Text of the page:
Stacked in a closet of an attic of an 18th century farmhouse in Upper Darby, PA, are 14 cardboard ‘bankers boxes’ of cleaned and cataloged artifacts from an archaeological dig of the floor of the 17th century, Swedish Cabin, that are known to a small group of local history aficionados. Two of these boxes held the only known paper record of the cataloging of 4,000 + items from this collection. The dig was conducted to find information about the earliest occupants of the cabin, to prove its 17th century origin. The artifacts that were unearthed never definitively answered this question, and one recommendation of the report was that further digs were not a high priority. The report was filed, the individual items were packaged, labeled, and stored, and largely forgotten. A question comes to mind:
The dig is done and analyzed, so why bother with this stuff?
The answer is straightforward:
Because the material is rich and the first conclusions drawn from it back in the early 1990’s are incomplete.
Further, scholarship about New Sweden and the site of the Swedish Cabin has developed since the artifacts were collected (social history ‘from below,’ and material culture studies), has opened new directions for interpreting these objects. The best way to encourage fresh study of this material is to make it more widely available to history students and the history curious through the use of digital tools.
The Swedish Cabin archaeological dig once had a digital component that, 30 years later, is inaccessible. Interestingly, one of the artifacts of this collection turned out to be the paper print outs of the digital component that was stored with the labeled bags of buttons, pot shards, and bones. Using digital tools, this digital component has being resurrected.
Although anyone could have manually re-created the data on paper as an Excel sheet, this was unlikely given the fact that there were 340+ pages of data pages, with 24 lines of dot matrix printed data on each page, and each line had 10 columns of information. The ability to scan printed pages of text and convert them into digital pages that can be read by a computer has been around for many years. However, it has only been within the past ten years (ABBYY Fine Reader, for example, released in 2009) that affordable software is now available that can read these printed pages of dot matrix text, and turn them into excel tables of data.
After finding a motivated individual willing to 1) discover the dot matrix/paper to digital process who had 2) also found time to convert the dot matrix printed paper data into clean digital data in Excel sheets, the data was ready to be re-imagined using digital tools. One example of this re-imagining is my website, titled “Swedish Cabin Archaeology,” at:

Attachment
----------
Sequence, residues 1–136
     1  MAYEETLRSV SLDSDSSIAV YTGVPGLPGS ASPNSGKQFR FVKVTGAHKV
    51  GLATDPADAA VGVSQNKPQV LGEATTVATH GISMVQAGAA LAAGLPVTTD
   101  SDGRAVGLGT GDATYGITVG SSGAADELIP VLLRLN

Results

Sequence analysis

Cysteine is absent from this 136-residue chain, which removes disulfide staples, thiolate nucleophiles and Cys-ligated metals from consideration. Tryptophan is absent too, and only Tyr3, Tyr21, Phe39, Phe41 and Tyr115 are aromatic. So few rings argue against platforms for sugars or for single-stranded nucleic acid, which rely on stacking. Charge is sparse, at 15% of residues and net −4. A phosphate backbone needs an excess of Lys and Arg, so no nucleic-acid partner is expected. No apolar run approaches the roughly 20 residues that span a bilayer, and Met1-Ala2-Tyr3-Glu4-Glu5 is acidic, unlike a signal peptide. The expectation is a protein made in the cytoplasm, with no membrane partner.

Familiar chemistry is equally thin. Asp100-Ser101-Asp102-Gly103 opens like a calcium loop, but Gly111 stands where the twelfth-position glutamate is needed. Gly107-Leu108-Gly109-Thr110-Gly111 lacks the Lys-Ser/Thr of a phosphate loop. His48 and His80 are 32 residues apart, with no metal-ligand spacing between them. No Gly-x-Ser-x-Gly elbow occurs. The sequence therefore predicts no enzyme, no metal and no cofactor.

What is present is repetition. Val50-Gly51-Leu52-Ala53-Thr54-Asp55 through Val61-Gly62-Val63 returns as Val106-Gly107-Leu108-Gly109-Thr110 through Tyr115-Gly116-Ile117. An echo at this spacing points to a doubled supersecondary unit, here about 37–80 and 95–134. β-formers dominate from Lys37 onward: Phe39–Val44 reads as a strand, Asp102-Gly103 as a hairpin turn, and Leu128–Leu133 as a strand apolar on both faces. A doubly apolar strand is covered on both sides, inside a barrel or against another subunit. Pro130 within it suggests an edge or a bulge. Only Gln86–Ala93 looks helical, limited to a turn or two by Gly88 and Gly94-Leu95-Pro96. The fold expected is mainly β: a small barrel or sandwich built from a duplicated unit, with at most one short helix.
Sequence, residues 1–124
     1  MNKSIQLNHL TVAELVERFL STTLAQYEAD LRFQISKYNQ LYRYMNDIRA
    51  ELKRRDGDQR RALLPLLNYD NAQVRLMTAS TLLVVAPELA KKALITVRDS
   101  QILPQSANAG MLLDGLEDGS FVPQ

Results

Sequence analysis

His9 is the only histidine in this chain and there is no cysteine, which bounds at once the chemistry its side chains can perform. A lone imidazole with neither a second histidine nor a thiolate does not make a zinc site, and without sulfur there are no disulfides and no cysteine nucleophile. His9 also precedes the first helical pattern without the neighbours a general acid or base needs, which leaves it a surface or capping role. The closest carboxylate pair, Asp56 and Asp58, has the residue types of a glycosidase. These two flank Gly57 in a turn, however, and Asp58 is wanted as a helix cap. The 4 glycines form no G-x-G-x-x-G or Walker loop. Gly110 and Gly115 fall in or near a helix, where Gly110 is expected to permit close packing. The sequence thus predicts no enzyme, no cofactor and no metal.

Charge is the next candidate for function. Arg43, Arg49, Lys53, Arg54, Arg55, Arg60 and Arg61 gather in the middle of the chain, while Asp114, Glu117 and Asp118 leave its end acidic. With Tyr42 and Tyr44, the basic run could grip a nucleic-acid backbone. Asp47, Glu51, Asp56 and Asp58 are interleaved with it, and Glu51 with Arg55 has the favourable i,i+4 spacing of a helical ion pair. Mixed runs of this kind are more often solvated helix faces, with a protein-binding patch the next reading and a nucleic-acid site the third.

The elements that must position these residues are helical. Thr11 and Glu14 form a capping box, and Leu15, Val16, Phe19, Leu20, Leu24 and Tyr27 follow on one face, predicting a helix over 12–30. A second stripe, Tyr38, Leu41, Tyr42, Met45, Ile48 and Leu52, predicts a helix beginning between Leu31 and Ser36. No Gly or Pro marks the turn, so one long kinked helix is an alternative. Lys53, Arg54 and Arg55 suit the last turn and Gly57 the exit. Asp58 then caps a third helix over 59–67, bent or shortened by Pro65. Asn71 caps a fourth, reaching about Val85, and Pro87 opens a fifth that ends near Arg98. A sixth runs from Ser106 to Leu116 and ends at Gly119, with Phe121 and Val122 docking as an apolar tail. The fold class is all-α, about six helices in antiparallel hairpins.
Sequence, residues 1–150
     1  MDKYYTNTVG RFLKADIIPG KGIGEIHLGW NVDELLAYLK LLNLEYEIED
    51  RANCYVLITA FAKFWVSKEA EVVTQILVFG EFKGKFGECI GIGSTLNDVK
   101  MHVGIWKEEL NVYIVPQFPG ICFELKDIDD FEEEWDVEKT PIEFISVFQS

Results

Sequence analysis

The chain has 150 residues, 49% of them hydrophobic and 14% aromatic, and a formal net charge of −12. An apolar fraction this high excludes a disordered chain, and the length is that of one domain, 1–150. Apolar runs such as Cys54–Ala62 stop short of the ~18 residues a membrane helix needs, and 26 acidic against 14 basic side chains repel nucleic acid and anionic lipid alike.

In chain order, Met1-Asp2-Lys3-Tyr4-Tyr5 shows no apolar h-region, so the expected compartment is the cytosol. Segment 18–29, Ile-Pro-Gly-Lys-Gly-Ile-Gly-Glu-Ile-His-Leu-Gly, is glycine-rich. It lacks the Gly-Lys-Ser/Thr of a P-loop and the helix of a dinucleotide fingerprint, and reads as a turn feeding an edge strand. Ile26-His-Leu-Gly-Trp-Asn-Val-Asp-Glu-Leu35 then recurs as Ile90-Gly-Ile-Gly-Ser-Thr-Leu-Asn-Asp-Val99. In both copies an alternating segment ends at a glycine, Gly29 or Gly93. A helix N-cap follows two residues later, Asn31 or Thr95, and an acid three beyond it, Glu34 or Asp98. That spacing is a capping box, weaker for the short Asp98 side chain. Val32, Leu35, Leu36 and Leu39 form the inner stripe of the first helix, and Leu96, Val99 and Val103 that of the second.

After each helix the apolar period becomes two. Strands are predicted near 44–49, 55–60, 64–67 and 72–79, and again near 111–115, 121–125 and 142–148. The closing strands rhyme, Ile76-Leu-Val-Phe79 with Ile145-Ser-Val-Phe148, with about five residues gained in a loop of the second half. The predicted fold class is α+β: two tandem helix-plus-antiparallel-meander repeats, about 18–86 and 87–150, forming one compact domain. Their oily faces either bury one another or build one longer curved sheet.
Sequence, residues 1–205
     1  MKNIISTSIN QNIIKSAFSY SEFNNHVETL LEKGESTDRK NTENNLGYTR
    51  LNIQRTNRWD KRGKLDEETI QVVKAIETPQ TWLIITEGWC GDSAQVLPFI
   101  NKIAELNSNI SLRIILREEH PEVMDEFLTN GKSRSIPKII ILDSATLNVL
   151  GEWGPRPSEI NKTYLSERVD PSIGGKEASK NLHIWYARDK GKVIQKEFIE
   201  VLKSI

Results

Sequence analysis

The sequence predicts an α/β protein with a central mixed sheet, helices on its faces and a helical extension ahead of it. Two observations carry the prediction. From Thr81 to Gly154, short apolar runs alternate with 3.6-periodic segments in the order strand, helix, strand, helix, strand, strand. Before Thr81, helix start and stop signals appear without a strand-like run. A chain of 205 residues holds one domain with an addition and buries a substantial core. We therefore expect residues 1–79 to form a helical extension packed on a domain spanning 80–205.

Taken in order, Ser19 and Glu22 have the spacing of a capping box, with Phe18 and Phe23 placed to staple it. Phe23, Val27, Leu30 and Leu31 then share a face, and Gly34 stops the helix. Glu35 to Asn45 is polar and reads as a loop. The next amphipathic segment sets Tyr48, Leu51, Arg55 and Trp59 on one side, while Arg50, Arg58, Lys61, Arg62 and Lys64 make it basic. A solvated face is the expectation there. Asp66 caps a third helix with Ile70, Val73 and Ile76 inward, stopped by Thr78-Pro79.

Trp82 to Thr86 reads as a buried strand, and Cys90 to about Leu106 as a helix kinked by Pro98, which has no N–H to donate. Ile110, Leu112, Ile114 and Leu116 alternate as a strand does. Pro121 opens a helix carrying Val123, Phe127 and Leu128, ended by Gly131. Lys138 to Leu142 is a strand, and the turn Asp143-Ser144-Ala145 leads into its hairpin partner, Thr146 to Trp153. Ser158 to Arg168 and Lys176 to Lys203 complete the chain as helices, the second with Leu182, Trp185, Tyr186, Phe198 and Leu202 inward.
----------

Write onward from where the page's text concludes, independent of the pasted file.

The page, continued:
The first thing the website does is visually reconnect the artifacts with the cabin. This helps viewers imagine the locations of the artifacts, and further imagine how the objects became embedded where they were found. Every artifact removed from the cabin floor was brought in there by a person, for a reason, over the past 350 years. The items were also discarded or lost by these people because of additional reasons. Being able to see the artifacts (right now as objects still in their original collection bags – as this needs to be correctly managed to preserve the collection) literally embedded as images within a larger image of a cabin interior or exterior, provides opportunities for comparison (colors, textures, materials) that can lead to inferences about the people who once handled these objects.
The second thing the website does is publicize the existence of the data, in an analyzable form. A series of bar and bubble charts, linked to the site map of the cabin dig, demonstrates some possibilities for the analysis and presentation of the data.
This data could be made available to the public – either online or available when visiting their physical archives — but only with the permission of the board of the Friends of the Swedish Cabin (https://swedishcabin.info/), who help maintain the Swedish Cabin in concert with the Upper Darby Historical Society (who store the artifacts at Collen Brook Farm: http://udhistory.com/), and Upper Darby Township.
In the near future, the digital data will be converted into a comprehensive set of bar and bubble charts that will completely show where items are found around the cabin floor, and at depth. Further analysis would entail looking at individual artifacts from specific depths. As individual items are re-packaged, they can be imaged and added to the website to publicize their existence, and significance to history students and the history curious. Further analysis combined with archival research can be combined to reveal the history of people who brought individual items into the space, through interpreting the past use of these things and how they came to be there.
Laurie Fitzpatrick, April 2017